TW: rape, abuse, and social asphyxiation
A/N: Coded messages here are created by yours truly. If you're interested to know how to read it, message me.
Chapter 2: April 9, 1832
Enjolras finished writing this short cipher on nine pieces of scratch paper, and he then put his quill down as he folded the letters before securely inserting it in the thick middle portion of a book offered to him by Victor, the elder keeper of the current lodgings that his mother provided for him. Having done that, he stood up from his desk, and opened his window to whistle the chorus of la marseillaise. Aurelien paused to wait for a reply, and it was a few seconds later when he heard the anthem repeated by a certain urchin's chirpier voice.
The light-haired student thus closed his window, and prepared to get bread from his trunk for his upcoming visitor, whose steps are heard by the stairs momentarily after. While preparing the tokens, a slight creak on the floor made Enjolras turn to the newcomer. He raised a brow when the gamin appeared to hesitate approaching him until he sighed and beckoned the boy to come closer.
"Is there a matter, Gavroche?" Enjolras inquired, handing the gamin the bread and book.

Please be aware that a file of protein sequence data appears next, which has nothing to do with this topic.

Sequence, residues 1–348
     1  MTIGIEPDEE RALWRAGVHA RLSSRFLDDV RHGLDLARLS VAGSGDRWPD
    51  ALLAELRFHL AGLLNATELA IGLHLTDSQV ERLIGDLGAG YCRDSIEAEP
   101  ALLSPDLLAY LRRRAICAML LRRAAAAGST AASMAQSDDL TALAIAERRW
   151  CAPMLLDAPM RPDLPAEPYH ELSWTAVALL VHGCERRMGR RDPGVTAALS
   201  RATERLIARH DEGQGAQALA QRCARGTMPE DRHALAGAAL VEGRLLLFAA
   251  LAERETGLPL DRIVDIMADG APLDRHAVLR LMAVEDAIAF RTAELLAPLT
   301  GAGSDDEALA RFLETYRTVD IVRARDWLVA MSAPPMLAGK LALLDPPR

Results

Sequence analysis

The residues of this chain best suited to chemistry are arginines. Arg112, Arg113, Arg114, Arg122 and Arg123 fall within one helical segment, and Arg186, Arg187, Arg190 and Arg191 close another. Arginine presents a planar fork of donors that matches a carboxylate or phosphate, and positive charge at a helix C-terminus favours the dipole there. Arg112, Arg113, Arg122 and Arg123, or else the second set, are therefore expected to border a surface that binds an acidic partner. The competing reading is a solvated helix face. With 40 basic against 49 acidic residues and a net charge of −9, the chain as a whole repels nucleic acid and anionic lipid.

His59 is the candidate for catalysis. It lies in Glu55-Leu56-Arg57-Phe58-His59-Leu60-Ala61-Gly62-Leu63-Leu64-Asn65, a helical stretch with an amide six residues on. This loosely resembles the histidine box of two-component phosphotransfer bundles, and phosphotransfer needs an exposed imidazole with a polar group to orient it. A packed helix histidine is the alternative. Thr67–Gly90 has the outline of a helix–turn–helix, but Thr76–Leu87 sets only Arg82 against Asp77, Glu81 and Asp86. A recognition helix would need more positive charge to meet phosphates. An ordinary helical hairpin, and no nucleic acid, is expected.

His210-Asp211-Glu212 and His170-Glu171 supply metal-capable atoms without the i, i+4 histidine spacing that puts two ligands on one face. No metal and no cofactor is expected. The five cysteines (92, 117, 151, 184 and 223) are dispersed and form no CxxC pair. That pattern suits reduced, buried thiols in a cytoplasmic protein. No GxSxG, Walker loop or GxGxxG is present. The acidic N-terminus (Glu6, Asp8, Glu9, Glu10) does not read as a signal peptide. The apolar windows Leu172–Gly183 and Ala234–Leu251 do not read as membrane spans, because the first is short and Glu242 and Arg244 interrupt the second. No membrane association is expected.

"Nothing, Chief," he replied, shrugging. "You usually send for Courfeyrac to call on me or Navet."
To this, Enjolras merely said, "He's occupied with another matter." He eyed Gavroche and then the package before continuing, "You know what to do. Eat well."
Gavroche nodded his gratitude and bit on the bread before turning to point to the wall, which was covered by an elaborate hand-drawn map of Paris, of the leader's room. "You did that, Chief?"
The fair-haired student shook his head. "Capital R." Seeing the surprised look of the gamin, he maintained a straight face and calmly explained, "Prouvaire was able to solicit it from the cask head."
Sensing the Chief's wariness, the urchin nodded, and left quietly, whistling the anthem once more.
It is impossible to save everyone, Enjolras thought as he lowered his lids momentarily. He stood straight once more, and rolling his sleeves, he eyed the map once more, dipped his quill in ink lightly, and went to mark certain streets and quays around Paris.
He will have to bring this later to the meeting, and obtain the suggestions of their coterie. Enjolras trusted that Courfeyrac and Feuilly would have some interesting news to share.
A contingency plan for the rest should also be ascertained, he further pondered, as scenarios filled his mind, and he attempted to cross each and every one, in accordance with the stratagems he has read from a certain scholar from the far East.